Towards An Absence Of Friends In Low Places

In a response to yesterday’s post, James writes:

‘This is an issue which had stumped me once too, “how do we overcome positive and seemingly progressive capitalist rhetoric and promotion”. But I was reminded, as I now always remind my friends on the revolutionary left, that it comes down to material circumstances that individuals of the working class are faced with – these realities always overcome and contradict even the most comprehensive arguments in favour of capitalism – and fundamentally, the left’s response to those conditions. It would be abstract to most people to argue with the slogan “down with capitalism” on the streets, unless they are already sufficiently class conscious. Instead it is essential that we base a struggle that is relevant to the specific issues of the working class. At the moment, in Ireland for example, these would be water charges, austerity, women’s rights etc. These are the issues that are relevant for people, on which a consciousness can be developed. No propaganda can overcome actual material contradictions. No one will believe the most stringent political arguments in favour of a system which stops them putting bread on the table.’

It’s hard to disagree with this response, for the most part. However, I would say that the whole point of propaganda is to overcome actual material contradictions: propaganda in itself has a real material effect. James is right to move from the terrain of abstract and hypothetical conversations and onto the real situations in which people confront the fact that the logic of the system under which they live is geared towards their expropriation.

But this move is never inevitable. And it can it ever be a mere operation of mechanical reason: personal difficulty and humiliation can also lead to support for and consent to the most insidious and reactionary manoeuvres of the regime: against migrants, women, Muslims, Jews, people who depend on state benefits, and other potential “enemies within”.

When we talk about our conversations with “nice people”, or, for that matter, “individuals of the working class”, these are largely hypothetical scenarios that bear little resemblance to the ebb and flow of our encounters with others, which seldom take place under circumstances of our own choosing, and seldom the terms of debate of our choosing.

I saw a comment on a Facebook page yesterday about the article I wrote. It said that what I had written was typical of the condescension of socialists. I didn’t take the comment seriously. These comments can be a typical knee-jerk reaction when someone calls into a question a kind of life that you identify with. If you do it with some measure of intelligence and conviction, you’re operating with typical socialist condescension, and we all know that this led to the gulag. If you do it in confused and contradictory terms, you are operating with typical socialist soft-headedness, fantasy or stupidity, and we all know that this led to the gulag.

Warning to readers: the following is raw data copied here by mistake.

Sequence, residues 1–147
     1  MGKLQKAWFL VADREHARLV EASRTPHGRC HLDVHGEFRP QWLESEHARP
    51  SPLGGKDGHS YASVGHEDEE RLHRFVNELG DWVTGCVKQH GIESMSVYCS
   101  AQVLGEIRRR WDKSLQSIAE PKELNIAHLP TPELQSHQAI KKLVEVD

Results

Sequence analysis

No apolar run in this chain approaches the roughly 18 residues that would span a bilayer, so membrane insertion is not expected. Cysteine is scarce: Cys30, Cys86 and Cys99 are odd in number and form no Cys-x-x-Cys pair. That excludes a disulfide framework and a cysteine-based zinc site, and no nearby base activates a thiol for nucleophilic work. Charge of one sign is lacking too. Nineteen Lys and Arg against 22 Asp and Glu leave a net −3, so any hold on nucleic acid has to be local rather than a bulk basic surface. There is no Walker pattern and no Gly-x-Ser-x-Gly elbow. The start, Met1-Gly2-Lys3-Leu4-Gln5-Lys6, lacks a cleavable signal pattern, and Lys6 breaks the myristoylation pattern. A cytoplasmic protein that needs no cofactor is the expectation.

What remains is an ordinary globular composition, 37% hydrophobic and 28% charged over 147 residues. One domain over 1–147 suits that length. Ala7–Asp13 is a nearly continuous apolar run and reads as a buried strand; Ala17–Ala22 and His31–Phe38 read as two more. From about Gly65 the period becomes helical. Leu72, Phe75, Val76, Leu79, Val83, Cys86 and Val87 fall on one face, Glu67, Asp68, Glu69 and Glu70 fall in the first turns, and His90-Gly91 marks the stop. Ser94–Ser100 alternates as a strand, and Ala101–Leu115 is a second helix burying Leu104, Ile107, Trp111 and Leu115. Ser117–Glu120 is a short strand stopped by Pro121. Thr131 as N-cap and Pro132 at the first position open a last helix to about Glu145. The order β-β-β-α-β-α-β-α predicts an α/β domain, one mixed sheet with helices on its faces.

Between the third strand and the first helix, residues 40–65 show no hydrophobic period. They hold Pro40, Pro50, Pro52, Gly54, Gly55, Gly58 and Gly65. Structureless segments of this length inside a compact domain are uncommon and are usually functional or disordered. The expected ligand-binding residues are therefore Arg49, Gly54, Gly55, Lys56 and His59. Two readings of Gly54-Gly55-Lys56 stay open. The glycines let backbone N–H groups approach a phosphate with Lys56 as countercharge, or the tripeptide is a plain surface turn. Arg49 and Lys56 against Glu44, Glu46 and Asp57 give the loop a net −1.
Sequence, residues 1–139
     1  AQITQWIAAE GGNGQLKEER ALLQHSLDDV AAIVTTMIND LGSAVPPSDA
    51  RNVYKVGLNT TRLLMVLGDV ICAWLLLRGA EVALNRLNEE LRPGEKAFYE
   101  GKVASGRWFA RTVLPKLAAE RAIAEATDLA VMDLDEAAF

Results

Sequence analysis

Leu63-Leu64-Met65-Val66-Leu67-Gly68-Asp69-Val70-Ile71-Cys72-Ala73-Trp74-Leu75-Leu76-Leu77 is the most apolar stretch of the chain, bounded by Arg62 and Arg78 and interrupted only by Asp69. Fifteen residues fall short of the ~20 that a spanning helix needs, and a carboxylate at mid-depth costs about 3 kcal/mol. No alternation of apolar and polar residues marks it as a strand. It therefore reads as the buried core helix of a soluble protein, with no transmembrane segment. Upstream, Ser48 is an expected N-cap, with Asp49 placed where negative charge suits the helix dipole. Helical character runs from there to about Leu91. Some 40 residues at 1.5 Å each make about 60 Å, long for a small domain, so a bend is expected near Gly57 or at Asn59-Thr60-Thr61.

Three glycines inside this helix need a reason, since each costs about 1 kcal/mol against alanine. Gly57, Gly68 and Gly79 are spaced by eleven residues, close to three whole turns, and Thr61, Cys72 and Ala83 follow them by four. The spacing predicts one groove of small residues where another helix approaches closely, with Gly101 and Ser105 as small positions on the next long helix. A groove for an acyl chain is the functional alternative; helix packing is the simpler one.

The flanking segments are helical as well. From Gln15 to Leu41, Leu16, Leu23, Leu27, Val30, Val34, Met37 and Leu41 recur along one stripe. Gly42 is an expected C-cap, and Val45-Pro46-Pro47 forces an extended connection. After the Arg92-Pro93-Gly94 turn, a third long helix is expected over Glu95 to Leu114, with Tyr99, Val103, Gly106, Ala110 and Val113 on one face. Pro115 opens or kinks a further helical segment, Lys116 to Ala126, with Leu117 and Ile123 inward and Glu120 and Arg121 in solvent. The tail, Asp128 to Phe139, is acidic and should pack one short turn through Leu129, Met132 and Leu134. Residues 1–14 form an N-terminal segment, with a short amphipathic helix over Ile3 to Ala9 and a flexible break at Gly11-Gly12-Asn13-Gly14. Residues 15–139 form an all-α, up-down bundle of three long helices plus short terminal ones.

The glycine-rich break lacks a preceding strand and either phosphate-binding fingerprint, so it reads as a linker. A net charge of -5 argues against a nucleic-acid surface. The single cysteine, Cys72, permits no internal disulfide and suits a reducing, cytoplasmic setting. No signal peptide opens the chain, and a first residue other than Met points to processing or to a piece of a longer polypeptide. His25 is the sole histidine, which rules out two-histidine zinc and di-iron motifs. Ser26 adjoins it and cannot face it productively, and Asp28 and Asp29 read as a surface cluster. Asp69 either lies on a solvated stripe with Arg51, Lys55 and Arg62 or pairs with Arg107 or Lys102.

As it happens, I think people with far greater mental capabilities than me can fail to see the distinction between capitalism as an ideal and capitalism as a specific historical form with its own specific logic. You could put Stephen Jay Gould’s observation about Einstein into reverse: how is it that people with talent roughly the same as Einstein’s and who did not work in cotton fields and sweatshops but rather, the pinnacles of scientific achievement, could, unlike Einstein, be oblivious to the social system in which they were living, or compartmentalise their lives in such a way that they could ignore it?

Well, it is a distinction that is systematically blurred and obscured, I suppose, and anyway, it isn’t the sort of thing that crops up in casual conversation while you’re putting the bins out.

I take this more seriously, a remark from another reader:

‘I wish you’d addressed this in your response, because I think that after criticizing apologists for capitalism along *exactly the same lines as people criticize apologists for communism* – you might owe ‘these people’ a little more…? Unless, as you seem to imply, that unless people have read Marx, then they’re probably not worth talking to in the first place…’

It wasn’t my intention to dismiss certain people as not worth talking to. In fact, I’d find life unbearable if the only people I could talk to were people who have read Marx. What I meant to show was that capitalism and communism are not two comparable objects of consideration.

We can stand in a capitalist world and think about what communism might be. No-one has ever done the reverse. At best, they have some experience and awareness of certain aspects of life lived in ways that correspond to ‘from each according to their ability, to each according to their need’, or, have made imaginary leaps towards what a classless society where all classes have been abolished might look like. If not the latter, I think most people have such experiences from their everyday lives, including even most Garth Brooks fans.

What is more, I assume that under certain circumstances, even Garth Brooks fans could see the abolition of class society as not only desirable but necessary, and remain Garth Brooks fans for all that. Or, they might go some distance in that direction, but then decide tomorrow will never come, and turn back to their glorification of the splendid underdog, their ideal of a hierarchical society with high and low places where a classless society is the mere abolition of social graces. To take these possibilities seriously is called politics. However, the political encounter is seldom, if ever, one of our choosing, and repertoires from other times and places may not be of that much use.


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